Android’s finding every way possible to take center stage at Mobile World Congress this year. Among the notable details revealed is the whopping 450,000 apps currently in the Android Market, with over 1 billion app downloads every month. That’s a huge increase from MWC last year, where Android reported a mere 150,000 apps in its marketplace. Google’s proud of Android’s 250 percent year-over-year growth rate, with some 850,000 devices being activated every day. But Apple still dominates certain areas of the mobile market, such as the business sector. Android’s growing ecosystem hopes to change that.
Samsung eyes enterprise territory
Security on Android devices undeniably leaves something to be desired. This is one of the reasons corporations are slower to adopt Android devices as work phones. The inconsistency around built-in security factors puts the responsibility on the company itself. At MWC there’s a handful of software companies displaying their own solutions to make Android more secure, including SAP and VMware. Even Samsung, the biggest maker of Android phones, says reducing security risks would give them a chance to overtake Apple in the enterprise.
“We recognized that we need a new growth agenda for Samsung, which is going to enterprise,” said Bum-coo Cho, who heads Suwon, South Korea-based Samsung's enterprise business team. “Samsung will put a significant amount of effort into generating business from the enterprise sector.”
Making Android work at work
Android’s rising security demands have already given third party companies like Lookout and Symantec ample opportunity to drum up business, and enterprise-specific solutions open a new door for spreading Android’s reach. Samsung will be partnering with SAP to address mobile security in business environments, which also gives corporations affordable alternatives to BlackBerry and iPhone. According to Gartner, Android smartphones are increasing their presence across the board, like it or not. iPhone’s share also rose, while fewer employees brought in devices running Symbian or BlackBerry.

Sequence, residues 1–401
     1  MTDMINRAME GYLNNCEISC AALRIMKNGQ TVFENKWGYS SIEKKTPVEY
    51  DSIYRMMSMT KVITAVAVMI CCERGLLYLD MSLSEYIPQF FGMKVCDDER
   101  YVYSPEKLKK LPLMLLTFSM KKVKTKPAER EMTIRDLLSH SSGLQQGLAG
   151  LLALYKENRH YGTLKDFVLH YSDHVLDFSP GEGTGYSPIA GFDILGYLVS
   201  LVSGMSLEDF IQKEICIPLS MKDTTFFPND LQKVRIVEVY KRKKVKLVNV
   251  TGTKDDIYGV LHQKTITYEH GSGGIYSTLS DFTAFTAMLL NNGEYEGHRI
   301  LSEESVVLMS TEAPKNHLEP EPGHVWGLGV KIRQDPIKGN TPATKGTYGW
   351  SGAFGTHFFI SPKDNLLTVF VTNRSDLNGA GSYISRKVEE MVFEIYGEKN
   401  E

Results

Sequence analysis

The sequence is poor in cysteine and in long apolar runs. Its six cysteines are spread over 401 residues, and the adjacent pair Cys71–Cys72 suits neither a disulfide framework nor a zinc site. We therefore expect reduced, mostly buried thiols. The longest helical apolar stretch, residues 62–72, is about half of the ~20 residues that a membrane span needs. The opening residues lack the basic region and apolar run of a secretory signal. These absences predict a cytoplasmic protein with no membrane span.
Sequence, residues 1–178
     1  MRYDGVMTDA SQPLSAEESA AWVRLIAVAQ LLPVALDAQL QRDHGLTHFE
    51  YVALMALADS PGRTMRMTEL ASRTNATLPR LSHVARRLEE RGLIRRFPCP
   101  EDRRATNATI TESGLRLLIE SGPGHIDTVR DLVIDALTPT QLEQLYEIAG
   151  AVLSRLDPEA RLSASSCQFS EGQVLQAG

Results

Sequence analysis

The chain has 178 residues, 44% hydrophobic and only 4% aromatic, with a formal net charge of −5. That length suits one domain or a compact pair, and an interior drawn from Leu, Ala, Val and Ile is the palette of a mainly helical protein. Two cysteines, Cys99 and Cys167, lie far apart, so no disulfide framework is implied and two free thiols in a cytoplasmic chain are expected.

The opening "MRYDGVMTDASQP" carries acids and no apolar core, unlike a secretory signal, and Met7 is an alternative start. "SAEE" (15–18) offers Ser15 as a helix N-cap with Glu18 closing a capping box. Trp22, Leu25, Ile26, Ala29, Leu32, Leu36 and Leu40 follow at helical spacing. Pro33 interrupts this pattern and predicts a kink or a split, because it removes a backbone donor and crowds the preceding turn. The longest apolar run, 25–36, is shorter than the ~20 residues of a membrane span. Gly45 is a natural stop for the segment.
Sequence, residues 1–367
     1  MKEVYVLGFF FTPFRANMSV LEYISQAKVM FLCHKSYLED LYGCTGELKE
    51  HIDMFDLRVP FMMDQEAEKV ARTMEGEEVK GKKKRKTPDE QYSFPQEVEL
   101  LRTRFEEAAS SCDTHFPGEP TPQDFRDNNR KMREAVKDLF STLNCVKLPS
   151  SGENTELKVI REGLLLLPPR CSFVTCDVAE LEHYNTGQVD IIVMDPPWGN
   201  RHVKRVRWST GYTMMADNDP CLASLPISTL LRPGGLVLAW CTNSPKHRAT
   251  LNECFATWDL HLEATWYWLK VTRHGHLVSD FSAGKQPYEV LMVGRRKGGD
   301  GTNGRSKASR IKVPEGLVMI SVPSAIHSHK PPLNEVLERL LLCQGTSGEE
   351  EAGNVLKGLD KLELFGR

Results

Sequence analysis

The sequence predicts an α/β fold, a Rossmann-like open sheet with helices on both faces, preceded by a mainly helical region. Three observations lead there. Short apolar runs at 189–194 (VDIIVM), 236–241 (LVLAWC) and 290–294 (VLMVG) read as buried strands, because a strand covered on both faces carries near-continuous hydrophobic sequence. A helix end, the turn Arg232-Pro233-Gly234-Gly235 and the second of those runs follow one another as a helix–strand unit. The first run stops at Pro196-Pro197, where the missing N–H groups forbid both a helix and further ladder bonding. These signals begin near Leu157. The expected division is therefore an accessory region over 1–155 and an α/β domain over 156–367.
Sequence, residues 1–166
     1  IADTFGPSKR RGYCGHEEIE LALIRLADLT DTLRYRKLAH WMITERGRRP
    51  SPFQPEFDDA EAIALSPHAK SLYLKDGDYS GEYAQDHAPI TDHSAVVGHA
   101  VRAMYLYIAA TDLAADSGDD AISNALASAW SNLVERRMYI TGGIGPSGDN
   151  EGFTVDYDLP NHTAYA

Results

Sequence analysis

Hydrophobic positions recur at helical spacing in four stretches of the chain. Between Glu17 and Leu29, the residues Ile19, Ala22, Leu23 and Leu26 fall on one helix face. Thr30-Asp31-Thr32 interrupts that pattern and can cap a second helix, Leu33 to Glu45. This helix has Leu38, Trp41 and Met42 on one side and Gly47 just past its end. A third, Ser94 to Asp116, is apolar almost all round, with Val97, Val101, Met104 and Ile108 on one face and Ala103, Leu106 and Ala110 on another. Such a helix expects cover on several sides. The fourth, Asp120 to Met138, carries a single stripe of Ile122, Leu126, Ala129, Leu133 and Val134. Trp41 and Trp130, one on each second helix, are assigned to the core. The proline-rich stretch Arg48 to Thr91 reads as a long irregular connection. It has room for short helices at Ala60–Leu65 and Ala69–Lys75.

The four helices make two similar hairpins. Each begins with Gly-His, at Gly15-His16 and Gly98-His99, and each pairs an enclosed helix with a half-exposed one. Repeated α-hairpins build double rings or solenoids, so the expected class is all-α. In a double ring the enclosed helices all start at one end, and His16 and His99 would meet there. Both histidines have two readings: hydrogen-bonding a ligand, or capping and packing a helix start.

While Samsung has SAP on its team, LG turns to VMware to develop hardware that essentially separates the business and personal sides of an Android device. VMware is also working with operators Telefonica and Verizon for separate billing of private and business calls.
In the end, such differentiation could be a big boost for Android devices. Android’s open platform has been cause for concern, but also offers the flexibility needed to create enterprise-specific solutions that could be tailored for individual businesses.